Church now up for sale

Thursday April 1, 2010

NORTH ADAMS - A Protestant church prominently located in the city's downtown has joined the growing ranks of religious properties being put up for sale.

The First United Methodist Church of North Adams, which sits on the corner of North Church and East Main streets, was recently listed by Berkshire Realty and Management for $399,999.

"The church building is much larger than the congregation can support at this time," Rev. Kim Kie, pastor of the First United Methodist Church, said Wednesday. "The cost of maintaining and heating the building is just too high. Our congregation wants to be in the community, answering God's call to be in mission and delivering his word."

Like many denominations around the country, the local Methodist congregation has seen a drop in its numbers.

"It's happening regionally and nationally," she said. "Mainline Protestant churches have undergone change in both the number of people identifying themselves as members of a particular denomination and in the number of people in attendance each week."

The decision to sell the 81-yearold stone and wood-frame church was initiated and finalized by the congregation's members, she said.

The Methodist congregation has been renting space from the First Congregationalist Church across the street since December 2008.

"When the decision was made to move to space at the Congregational Church, it was done so with the knowledge that it would mean we would sell the building in the future," Kie said. " Instead of making all the changes at once, we did it very slowly. We've allowed for a grieving process around the changes to take place. It's a very emotional decision."

Unlike the process seen with the closings and mergers of several Roman Catholic parishes, the discussion of closing the Methodist church began locally.

"When the decision was made, we informed our hierarchy [the New England Conference of United Methodists Churches] about that we were selling the church," she said. "They ensure that we've investigated and chosen the solution that best serves our congregants and offers supports. It's worked well not to have the decisions handed down, but to hand them up. However, it's still hard."

Kie added, "We're also in a very intentional discussion with the First United Methodist Church of Williamstown about a merger in our future. A merger of the two congregations is looking beneficial to both communities."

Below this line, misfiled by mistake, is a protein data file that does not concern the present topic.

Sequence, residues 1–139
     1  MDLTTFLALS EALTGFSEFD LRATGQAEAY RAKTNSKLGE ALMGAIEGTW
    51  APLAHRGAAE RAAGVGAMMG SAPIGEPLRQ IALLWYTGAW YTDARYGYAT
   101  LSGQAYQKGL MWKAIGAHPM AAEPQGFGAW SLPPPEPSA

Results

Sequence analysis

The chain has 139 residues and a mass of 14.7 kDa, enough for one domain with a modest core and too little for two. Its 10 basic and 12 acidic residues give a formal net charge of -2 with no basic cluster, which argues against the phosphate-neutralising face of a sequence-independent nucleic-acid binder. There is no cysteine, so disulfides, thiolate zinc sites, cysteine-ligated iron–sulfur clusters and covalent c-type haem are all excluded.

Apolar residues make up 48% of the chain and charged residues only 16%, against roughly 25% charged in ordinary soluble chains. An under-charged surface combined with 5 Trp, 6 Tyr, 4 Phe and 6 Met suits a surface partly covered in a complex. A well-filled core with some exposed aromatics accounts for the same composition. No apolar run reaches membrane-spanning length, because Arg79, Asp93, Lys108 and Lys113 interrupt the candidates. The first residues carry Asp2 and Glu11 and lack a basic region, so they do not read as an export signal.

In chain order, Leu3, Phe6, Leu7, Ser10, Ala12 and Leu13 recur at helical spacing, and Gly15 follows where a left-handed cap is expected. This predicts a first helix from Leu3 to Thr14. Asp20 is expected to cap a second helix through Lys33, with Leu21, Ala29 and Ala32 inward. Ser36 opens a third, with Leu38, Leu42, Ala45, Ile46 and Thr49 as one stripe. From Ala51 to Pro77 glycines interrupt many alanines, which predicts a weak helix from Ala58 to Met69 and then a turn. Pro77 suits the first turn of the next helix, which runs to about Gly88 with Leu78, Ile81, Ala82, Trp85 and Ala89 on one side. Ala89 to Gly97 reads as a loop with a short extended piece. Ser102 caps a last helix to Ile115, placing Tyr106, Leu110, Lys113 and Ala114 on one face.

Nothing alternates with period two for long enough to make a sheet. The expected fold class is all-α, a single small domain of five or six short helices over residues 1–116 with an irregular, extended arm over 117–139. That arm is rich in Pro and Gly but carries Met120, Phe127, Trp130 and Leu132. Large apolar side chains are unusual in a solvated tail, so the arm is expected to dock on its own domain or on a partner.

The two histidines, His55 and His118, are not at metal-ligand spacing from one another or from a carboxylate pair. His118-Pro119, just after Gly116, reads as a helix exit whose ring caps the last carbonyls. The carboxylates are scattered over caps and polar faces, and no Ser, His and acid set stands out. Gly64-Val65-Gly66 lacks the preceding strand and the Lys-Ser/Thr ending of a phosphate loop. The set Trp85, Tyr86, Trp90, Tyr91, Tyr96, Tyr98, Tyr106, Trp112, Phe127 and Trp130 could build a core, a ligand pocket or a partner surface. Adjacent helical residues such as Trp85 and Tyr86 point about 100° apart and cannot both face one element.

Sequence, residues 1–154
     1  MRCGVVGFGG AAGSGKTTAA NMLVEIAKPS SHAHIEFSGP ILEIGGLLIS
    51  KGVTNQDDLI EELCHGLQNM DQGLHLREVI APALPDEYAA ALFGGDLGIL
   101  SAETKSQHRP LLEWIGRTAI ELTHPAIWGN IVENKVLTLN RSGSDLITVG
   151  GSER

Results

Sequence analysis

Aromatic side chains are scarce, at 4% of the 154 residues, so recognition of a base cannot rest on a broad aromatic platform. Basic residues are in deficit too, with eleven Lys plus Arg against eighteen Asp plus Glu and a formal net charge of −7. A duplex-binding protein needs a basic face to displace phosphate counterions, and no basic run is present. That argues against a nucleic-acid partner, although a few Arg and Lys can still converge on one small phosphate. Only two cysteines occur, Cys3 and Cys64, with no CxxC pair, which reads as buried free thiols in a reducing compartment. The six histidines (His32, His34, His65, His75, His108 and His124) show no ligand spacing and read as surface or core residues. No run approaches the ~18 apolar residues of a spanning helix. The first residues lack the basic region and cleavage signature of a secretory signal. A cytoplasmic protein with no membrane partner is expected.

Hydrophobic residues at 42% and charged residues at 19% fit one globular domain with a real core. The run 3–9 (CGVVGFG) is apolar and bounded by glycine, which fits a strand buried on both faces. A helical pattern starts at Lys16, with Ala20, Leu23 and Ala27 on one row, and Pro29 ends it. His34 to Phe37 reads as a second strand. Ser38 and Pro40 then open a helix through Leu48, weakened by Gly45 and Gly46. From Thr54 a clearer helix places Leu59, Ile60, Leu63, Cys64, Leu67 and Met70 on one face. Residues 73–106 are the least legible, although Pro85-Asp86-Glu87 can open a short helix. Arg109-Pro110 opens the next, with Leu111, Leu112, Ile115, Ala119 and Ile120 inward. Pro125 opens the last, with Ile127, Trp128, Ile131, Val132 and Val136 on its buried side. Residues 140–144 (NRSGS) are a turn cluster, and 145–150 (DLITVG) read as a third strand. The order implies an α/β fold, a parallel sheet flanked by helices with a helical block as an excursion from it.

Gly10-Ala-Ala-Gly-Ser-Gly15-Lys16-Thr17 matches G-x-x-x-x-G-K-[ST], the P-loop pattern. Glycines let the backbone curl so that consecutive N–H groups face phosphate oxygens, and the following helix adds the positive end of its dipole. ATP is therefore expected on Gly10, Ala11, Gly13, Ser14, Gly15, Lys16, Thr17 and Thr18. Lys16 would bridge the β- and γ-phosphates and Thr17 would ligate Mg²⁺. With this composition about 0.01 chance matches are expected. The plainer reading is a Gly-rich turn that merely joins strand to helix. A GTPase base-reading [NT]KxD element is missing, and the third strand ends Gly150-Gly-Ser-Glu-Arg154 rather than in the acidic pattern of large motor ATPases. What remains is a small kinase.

The two congregations already worship together once a month, alternating between North Adams and Williamstown.

" Right now, we're discussing where the best home would be for the new congregation," she said. "A merger is not unlike a marriage - we're discussing if a new home would be appropriate."

The church joins several other city locations on the market, including the former Lady of Incarnation Shrine at 1288 Massachusetts Ave., which is being offered by its owner, William E. Girard, after plans for the former church, including a daycare center at the site, were shot down by the city.

The Roman Catholic Diocese of Springfield is selling the former St. Francis of Assisi church and rectory buildings at the intersection of Eagle and Union streets, as well as the former Our Lady of Mercy Church in the city's West End.

Additionally, the city is selling the former Notre Dame Church and accompanying school off East Main Street.

" I'm not surprised that the church has been listed," Mayor Richard J. Alcombright said on Wednesday. "I know there has been a tremendous decline among the Protestant population, like the decline seen by everyone else. When I was a kid, the city had about 20,000 people in it, the majority of whom were churchgoing families. Today it just isn't the same - there's less people in the community and less who attend church or affiliate themselves with a particular church."

He said the city would continue to "do everything in its power to preserve the city's churches and steeples."

" However, we've learned the hard way with the Notre Dame property that the city can't buy churches to preserve them," Alcombright said. " My biggest fear is that someone is going to buy the St. Francis property for commercial purposes and take a wrecking ball to it. The city will fight as hard as it can to prevent something like that from happening."


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